Making the Chrysanthemum Studies collection was an exercise in adapting art practice during a pandemic lockdown. In contract with her usual practise, and with limited access to flowers, flower markets and gardens, for this new work Ridler sourced chrysanthemums at a local cornershops. The lockdown also reduced the size of the dataset Ridler was able to build; the project grew from a period of experimentation with techniques for building and examining datasets at home; Chrysanthemum Studies is an example of a different mode of working with datasets, one that is not trying to capture the entirety of the world for a machine, but as a practise that allows for the intense examination of one object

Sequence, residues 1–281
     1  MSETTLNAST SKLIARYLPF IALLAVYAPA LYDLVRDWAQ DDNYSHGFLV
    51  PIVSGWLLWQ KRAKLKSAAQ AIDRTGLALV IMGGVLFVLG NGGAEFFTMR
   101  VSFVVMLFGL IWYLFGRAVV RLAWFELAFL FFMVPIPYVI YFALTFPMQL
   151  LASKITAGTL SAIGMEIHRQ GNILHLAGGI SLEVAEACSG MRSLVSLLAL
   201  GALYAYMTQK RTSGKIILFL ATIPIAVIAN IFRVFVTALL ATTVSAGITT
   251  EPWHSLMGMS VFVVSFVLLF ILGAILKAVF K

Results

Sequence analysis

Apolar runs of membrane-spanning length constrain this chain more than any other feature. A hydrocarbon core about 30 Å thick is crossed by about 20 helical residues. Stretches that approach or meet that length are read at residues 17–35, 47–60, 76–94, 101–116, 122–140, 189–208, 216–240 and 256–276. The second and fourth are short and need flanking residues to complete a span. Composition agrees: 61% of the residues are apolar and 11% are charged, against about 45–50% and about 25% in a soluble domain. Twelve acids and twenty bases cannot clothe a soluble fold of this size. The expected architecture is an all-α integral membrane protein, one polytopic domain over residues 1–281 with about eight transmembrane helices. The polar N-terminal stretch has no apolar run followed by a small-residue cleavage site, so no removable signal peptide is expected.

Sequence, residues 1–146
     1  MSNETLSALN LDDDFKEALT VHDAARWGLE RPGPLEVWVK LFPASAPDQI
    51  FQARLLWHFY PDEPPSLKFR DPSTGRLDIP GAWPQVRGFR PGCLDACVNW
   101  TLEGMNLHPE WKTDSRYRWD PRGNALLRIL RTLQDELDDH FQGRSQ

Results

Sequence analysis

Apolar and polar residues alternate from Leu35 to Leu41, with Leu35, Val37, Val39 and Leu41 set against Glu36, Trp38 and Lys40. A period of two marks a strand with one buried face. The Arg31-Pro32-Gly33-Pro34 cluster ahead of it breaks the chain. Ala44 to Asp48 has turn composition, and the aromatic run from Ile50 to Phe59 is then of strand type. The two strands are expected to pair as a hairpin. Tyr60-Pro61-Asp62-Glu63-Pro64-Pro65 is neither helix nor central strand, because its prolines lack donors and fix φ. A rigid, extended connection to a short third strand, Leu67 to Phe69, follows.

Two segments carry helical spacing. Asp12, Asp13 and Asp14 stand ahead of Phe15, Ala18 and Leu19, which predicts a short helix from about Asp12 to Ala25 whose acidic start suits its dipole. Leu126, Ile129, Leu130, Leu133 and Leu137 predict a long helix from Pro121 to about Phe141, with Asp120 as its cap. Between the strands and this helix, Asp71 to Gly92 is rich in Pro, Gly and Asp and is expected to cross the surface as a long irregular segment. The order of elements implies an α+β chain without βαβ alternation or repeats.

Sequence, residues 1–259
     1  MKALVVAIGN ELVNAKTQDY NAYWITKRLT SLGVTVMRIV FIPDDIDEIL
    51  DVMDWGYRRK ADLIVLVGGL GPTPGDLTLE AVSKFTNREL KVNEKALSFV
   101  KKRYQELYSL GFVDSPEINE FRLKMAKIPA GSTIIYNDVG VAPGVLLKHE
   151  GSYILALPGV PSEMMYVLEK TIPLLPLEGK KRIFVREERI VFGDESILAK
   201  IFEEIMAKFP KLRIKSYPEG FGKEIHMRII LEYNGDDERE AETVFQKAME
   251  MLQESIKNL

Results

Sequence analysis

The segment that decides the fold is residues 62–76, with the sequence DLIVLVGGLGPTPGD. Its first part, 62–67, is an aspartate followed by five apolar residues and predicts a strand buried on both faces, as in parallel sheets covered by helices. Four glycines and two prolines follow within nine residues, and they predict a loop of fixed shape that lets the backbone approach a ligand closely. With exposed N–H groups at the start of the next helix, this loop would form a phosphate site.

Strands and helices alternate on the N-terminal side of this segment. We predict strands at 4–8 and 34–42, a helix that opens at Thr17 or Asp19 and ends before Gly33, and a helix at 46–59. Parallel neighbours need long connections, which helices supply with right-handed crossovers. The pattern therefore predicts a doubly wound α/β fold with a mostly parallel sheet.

Chrysanthemum Study 1
Chrysanthemum Study 1 and Chrysanthemum Study 2 are short moving image pieces, generated using machine learning, trained on photographs that Ridler took of flowers that were available during lockdown. The two studies make up the Chrysanthemum Studies collection. The collection is part of Ridler’s wider research interest in the way that nature - particularly plants and botany - is recorded and tracing the lineage of natural history with the use of technology. In this new work, white flowers individually bloom, grow and decay at sporadic, yet seemingly organic intervals, as an algorithm strives to recreate realistic depictions. Flashes of white and yellow petals open and close as leaves on the stems grow and disappear. The delicate, painterly sensibility of the work accentuates the physical and conceptual imbalance between nature and technology and the importance of reconciling the two.
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